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Hibakusha testimonies at Nayarit Conference reveal lasting legacy of nuclear attacks

In a programme full of eye-opening and compelling presentations at the recent Nayarit Conference (13, 14 February 2014), one that stuck in the memories of many of the attendees and those following the proceedings online was the testimony of the Hibakusha – the survivors of the nuclear bombings of Hiroshima and Nagasaki. At the Nayarit conference we heard first-hand accounts of the horror of the detonations over Hiroshima and Nagasaki in the testimonies of Setsuko


Yasuaki Yamashita

When the A-Bomb fell on Nagasaki, August 9, 1945, I was 6 years old and living there with my family in a typical Japanese-style wooden frame house with sliding interior partitions (shoji) and exterior glass windows. Normally on a hot summer day I would go to the mountain with friends of my age to catch dragon flies and cicadas. However, on this day I was playing at home. Nearby my mother was preparing the mid-day


Setsuko Thurlow

I turned around and saw the outside world. Although it was morning, it looked like twilight because of the dust and smoke in the air. People at a distance saw the mushroom cloud and heard a thunderous roar. But I did not see the cloud because I was in it. I did not hear the roar, just the deadly silence broken only by the groans of the injured. Streams of stunned people were slowly shuffling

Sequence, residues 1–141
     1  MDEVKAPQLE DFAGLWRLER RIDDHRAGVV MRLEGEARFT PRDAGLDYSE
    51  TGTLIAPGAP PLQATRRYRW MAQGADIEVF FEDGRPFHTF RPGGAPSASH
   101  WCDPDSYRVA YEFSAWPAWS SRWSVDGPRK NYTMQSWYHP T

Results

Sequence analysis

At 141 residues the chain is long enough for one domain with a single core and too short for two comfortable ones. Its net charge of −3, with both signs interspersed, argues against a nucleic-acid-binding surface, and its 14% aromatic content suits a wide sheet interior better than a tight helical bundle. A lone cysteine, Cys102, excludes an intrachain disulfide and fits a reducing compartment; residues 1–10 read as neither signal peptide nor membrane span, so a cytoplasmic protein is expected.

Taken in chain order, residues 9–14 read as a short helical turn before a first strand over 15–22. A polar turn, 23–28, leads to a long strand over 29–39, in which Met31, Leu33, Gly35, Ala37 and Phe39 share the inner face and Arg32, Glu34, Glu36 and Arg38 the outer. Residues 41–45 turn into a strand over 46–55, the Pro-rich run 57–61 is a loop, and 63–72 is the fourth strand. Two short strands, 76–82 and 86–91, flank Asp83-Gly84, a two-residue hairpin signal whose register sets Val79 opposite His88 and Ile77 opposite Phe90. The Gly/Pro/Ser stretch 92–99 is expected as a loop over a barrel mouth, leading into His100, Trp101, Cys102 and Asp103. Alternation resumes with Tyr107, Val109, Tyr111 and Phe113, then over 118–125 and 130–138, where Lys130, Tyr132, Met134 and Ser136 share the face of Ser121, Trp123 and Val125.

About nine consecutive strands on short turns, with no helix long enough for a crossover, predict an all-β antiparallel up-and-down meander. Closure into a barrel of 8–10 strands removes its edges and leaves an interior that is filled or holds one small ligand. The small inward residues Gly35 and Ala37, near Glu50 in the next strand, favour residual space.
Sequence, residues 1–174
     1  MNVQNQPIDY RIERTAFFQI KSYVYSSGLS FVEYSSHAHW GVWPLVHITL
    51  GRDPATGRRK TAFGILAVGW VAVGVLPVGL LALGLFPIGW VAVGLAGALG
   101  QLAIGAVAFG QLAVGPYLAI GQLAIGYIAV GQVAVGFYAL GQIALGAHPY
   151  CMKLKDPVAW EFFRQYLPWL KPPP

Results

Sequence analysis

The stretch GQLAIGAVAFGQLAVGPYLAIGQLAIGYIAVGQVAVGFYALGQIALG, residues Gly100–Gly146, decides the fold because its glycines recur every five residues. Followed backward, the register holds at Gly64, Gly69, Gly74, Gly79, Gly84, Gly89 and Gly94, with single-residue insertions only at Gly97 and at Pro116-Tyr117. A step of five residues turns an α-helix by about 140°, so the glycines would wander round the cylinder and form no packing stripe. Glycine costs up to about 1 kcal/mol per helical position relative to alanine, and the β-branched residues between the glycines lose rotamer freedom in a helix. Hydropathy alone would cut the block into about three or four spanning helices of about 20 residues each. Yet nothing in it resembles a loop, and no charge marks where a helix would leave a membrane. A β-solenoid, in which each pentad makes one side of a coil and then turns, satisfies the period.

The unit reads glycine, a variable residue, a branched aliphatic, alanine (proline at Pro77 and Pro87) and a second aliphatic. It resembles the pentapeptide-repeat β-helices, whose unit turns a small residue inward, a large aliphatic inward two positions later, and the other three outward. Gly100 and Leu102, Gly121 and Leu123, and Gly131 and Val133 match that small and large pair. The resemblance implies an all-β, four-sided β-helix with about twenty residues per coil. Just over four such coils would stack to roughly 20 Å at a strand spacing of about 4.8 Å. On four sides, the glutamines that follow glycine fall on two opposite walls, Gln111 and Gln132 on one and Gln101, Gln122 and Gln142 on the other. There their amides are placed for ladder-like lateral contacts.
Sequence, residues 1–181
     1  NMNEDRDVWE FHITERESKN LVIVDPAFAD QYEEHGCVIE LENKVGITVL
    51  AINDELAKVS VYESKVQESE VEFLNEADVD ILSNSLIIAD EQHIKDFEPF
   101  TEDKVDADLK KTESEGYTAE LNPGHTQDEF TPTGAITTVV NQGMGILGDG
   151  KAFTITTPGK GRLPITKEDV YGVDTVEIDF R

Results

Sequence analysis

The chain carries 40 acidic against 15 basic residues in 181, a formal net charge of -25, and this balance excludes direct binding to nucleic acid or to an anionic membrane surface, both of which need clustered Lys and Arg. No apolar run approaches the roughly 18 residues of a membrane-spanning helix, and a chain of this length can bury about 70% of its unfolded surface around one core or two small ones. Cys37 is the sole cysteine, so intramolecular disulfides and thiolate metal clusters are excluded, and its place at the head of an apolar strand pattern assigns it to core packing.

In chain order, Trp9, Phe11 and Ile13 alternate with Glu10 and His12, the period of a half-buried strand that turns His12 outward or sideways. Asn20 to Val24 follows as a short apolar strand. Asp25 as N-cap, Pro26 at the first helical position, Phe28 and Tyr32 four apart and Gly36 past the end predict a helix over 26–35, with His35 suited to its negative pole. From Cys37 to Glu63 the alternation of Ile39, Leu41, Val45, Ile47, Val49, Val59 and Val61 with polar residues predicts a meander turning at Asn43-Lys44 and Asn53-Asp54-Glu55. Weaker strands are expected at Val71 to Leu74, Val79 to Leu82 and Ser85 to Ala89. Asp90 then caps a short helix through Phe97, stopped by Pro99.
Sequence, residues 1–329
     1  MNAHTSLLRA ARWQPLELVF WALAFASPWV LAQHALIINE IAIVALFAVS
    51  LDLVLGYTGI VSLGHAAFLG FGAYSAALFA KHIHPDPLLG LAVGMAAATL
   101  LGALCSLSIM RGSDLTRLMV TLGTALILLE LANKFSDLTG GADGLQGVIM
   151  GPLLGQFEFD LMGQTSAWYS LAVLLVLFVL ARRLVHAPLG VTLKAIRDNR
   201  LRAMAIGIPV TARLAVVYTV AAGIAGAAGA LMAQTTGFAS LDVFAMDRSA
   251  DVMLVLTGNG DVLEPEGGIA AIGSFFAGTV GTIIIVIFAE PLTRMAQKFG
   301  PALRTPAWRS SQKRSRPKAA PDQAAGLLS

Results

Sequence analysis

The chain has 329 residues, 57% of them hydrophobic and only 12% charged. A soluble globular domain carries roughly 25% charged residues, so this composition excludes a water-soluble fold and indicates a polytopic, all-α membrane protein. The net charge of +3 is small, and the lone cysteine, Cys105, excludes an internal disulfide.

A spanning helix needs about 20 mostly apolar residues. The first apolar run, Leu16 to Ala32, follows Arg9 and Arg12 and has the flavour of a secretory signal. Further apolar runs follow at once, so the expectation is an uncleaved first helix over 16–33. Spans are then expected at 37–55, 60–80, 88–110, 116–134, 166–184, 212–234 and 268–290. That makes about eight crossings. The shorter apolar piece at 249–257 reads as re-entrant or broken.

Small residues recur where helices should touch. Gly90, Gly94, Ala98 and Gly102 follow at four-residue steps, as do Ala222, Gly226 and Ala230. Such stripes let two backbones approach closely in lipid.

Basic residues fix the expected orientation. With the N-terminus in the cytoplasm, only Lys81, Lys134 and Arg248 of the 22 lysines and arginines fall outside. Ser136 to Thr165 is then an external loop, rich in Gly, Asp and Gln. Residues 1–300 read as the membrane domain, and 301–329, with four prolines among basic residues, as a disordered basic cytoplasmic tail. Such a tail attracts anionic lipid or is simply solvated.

Sumitero Taniguchi

He saw big stones flying through the air and a child totally blown away. As he picked himself off the ground he felt the that the skin and flesh of his left arm and back was slimy.


Karipbek Kuyukov

Forty-four-year-old Karipbek was born without arms, but he hasn’t let the obstacles he faces limit his success. Perhaps most extraordinarily, Karipbek is a renowned artist who paints using his legs and his mouth


Yami Lester

Yami Lester was just 10 years old when the United Kingdom began testing nuclear weapons near his home in Australia. A major test, named Totem 1, was detonated in the early morning of 15 October 1953, sending a thick, oily, radioactive cloud through his town of Wallatinna – around 100 miles from where the bomb was detonated at Emu Junction. “A few hours after the black smoke came we all got crook, every one of



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